Join Access Local as we participate the annual NAMI Walk this year in 2018. Many people from all over come together to show their support for people with mental illness.
Between the years of 2010 and 2015, the death rates of African American children in Sacramento County exceeded that of any other race. Out of the 873 children who died between 2010 and 2015, almost one-quarter of them were black youth. That’s twice the rate of white children, and three times the rate of Latino and Asian children according to the Sacramento Bee.
Why is this issue occurring? The common and most addressed theory is that it has to do with socioeconomic status. Due to historical oppression, people of color tend to be of a lower socioeconomic status, and they have less access to healthcare, or any other kind of medical resources. Some organizations are trying to combat this, such has Her Health First. Sacramento County even enacted its own health program specifically for black infants to combat this issue.
“As a Personal Advocate, I want to assure women that they don’t have to do this alone,” Kenya Fagbemi, program director, wrote on the Her Health First website, “I am here to help client’s problem solve some of the challenges that happen in their daily lives, that might directly or indirectly impact their pregnancy. We empower women with information, options, and an action plan, giving them the confidence to deal with whatever life throws at them.”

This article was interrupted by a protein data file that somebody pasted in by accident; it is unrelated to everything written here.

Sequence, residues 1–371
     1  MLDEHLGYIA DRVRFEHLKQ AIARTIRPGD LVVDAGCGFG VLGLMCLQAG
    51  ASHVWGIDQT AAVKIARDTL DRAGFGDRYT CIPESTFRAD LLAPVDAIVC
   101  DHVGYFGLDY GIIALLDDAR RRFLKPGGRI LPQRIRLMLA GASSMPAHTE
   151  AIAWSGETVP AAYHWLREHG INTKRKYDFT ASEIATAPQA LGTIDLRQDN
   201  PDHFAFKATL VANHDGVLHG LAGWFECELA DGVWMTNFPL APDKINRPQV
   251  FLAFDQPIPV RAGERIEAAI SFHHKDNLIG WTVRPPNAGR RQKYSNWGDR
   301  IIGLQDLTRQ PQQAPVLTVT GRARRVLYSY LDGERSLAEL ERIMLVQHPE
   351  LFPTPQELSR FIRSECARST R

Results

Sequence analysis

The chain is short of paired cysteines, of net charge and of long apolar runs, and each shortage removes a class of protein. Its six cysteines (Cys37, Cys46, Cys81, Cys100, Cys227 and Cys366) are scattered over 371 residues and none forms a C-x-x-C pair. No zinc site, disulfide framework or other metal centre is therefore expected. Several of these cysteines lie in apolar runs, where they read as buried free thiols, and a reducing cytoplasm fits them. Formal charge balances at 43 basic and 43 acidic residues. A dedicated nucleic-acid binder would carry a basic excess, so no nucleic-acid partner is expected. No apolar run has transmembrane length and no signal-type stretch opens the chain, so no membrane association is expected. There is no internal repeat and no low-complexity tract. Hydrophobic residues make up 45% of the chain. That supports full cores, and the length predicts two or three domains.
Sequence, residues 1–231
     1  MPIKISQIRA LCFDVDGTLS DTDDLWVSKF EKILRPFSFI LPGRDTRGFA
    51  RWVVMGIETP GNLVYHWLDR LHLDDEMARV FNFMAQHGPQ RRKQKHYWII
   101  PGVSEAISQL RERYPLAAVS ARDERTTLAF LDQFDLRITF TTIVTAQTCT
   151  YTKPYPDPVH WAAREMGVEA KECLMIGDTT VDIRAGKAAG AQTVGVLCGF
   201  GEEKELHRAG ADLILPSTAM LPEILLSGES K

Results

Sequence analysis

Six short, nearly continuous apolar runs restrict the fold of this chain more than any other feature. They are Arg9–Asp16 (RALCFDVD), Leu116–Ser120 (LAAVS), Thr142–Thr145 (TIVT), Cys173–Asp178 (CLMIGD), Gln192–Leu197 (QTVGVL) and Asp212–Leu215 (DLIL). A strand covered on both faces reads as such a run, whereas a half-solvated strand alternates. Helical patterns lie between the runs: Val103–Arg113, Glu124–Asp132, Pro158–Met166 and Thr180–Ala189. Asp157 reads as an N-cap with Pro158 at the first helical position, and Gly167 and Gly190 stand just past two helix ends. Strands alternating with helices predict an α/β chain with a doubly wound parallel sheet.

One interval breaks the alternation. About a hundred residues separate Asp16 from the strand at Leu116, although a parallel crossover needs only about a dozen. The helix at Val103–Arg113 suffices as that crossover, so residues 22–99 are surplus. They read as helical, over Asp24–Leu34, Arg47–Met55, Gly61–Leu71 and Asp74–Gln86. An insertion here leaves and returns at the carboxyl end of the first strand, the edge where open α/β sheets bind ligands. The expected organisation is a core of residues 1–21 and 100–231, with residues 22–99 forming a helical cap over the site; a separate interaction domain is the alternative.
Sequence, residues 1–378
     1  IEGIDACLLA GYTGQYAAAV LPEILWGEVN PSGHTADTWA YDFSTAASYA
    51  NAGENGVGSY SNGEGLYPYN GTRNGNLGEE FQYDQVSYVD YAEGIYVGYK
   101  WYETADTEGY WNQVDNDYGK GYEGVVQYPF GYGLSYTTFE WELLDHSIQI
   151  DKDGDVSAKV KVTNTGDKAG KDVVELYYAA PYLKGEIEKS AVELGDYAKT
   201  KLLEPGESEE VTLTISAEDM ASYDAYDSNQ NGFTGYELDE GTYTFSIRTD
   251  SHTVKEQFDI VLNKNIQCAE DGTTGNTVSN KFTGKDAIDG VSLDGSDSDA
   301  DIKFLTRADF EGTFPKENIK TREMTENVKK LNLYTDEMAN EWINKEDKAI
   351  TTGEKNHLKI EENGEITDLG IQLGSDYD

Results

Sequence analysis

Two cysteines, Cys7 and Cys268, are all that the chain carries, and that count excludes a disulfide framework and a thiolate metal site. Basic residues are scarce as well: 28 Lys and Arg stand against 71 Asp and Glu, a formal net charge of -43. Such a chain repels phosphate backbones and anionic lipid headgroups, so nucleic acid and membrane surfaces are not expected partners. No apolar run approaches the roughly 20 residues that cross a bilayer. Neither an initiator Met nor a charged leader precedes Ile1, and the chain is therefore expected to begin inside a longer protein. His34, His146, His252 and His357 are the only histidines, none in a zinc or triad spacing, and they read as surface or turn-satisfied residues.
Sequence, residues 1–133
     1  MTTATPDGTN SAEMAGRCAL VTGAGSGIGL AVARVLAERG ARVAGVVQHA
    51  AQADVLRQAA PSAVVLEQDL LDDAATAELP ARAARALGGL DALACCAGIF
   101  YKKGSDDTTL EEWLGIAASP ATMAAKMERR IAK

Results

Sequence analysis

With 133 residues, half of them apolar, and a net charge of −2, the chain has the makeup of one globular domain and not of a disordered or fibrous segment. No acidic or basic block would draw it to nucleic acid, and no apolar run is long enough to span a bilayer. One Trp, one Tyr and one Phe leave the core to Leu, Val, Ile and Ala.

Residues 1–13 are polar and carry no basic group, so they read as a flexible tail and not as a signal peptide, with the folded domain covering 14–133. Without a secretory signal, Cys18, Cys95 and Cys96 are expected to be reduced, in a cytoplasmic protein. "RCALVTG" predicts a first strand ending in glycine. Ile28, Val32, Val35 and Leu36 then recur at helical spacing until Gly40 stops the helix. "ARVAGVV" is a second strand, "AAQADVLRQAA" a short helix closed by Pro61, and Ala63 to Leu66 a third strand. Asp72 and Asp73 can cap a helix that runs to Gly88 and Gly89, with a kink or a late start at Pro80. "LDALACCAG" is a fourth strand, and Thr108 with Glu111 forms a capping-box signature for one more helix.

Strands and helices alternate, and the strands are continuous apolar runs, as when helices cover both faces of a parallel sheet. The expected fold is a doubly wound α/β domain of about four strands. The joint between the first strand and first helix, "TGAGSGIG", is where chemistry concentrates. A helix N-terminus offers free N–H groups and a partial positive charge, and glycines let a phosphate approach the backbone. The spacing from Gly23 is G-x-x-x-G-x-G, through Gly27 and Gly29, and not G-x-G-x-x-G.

Latinos have the many of the same issues with poverty, but why not with infant deaths? This question raises another theory that affects every person of color despite their socioeconomic status.
The theory has to do with discrimination and the stress that the mother is under while the baby is still in utero. When a baby is still developing, they can be affected by the emotional state of their mother. If the mother is under stress during her pregnancy, it can create a variety of issues for the baby, even after it grows up.
Mental health issues also plague the black community due to poverty and discrimination. It could be a combination of these two issues is what is causing the higher mortality rates in black children, but nobody can say for sure until more research is done.